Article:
April is Minority Health Awareness Month, so we are asking staff to share tips on how they get and stay healthy themselves, and what tips they share with patients. Here are some thoughts from LaShyra ‘Lash’ Nolen, a volunteer with the AmeriCorps National Health Corps program working as a health coach at HHC-Albany Park. We asked her to share a bit about herself as well.
Q. What is a health coach, anyway?
A. I support patients to make health goals that will improve their lives and overall health–goals that fit their lives but can have a great impact. As a coach, I’m able to spend more time more time with each patient than other members of the patient’s Care Team, and to dive deeper into their lives and understand their health-related motivations and challenges.
I am also working on projects to improve the experience of patients at the Innovation Center at Albany Park. I’m an active member of a diabetes medication optimization project. I’m also the lead on health coaching quality improvement projects, and advocate for the creation of financial support mechanisms for patient transportation to medical appointments.
Q. How did you find your way to Heartland Health Centers as an Americorps volunteer?
A. I knew I wanted to take a couple of gap years before I go to medical school to get more experience with the underserved populations I would like to serve as a future physician. I am originally from Los Angeles and recognized that every city, state and community has unique challenges that affect them, so I wanted to learn about some of the challenges people in Chicago face. I spent last year doing research and teaching English in La Coruña, Spain, so I also really wanted to work with Spanish-speaking communities.
Q. How do you encourage patients to be more active and/or healthy?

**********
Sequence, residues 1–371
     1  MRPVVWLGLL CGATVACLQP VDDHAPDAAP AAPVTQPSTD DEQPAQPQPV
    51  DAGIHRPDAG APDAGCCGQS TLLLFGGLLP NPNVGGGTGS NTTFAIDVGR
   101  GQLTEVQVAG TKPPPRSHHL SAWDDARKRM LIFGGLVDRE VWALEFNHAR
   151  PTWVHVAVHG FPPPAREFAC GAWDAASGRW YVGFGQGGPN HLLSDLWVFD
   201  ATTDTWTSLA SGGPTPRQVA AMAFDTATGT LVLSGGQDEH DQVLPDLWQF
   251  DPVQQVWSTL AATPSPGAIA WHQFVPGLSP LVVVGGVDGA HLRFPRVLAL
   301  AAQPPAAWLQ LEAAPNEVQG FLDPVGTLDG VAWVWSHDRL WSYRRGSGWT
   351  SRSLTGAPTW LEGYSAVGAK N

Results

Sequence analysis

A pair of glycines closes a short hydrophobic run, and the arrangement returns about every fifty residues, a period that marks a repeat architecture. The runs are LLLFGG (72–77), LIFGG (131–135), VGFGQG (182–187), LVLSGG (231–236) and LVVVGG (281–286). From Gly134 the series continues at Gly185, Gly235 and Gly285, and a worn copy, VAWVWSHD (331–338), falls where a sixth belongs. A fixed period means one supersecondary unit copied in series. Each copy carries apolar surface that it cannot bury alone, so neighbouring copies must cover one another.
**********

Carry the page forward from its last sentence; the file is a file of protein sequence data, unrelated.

A. Before I start giving advice about nutrition or diabetes, say, I like to find out what their daily life looks like, and other facts like their favorite foods and priorities. I like to learn more about their culture [if they are from another part of the world]. I believe making health goals most suited for the patient’s life are key to helping them accomplish those goals successfully.
I usually encourage patients to get more active in subtle ways, like walking some days of the week instead of driving, or taking the stairs instead of the elevator. Not every patient can afford a gym membership or really finds exercise enjoyable, so I have found it helpful to find small, simple ways to help patients get active. I use the same approach when working with patients to improve their diet.
Q. What are your professional goals after Heartland Health Centers?
A. I am really sad to leave Heartland Health Centers, but excited for the next chapter! Next year I will attend medical school with the objective of obtaining an MD/MPH or MD/MPP dual degree. My goal is to become a physician leader, both locally in my community and nationally at the government level, with a focus of improving primary health care models and studying the intersections of social justice and medicine to help eradicate health disparities.
Q. How to do you keep moving and stay healthy with your busy schedule?
A. I learned in college that efficiency is key when trying to exercise with a busy schedule. I do a 30-minute workout routine that consists of a 2-mile run and a mix of weight lifting and balance exercises 4 to 5 times a week. I once thought that in order to have a good workout I had to spend hours in the gym, but then realized 30 minutes of quality fitness goes a long way. For fun I like to run half marathons–and beat boys at pickup basketball.
Q. Do you have a health tip for the community you would like to share?
A. My biggest advice is to remember health is your basic human right. So when you go to the doctor, make sure all your questions are answered, make sure you feel listened to and try your best to take an active role in your care. Your relationship with your provider should be a partnership, so you should always feel like your opinions and questions are respected no matter what.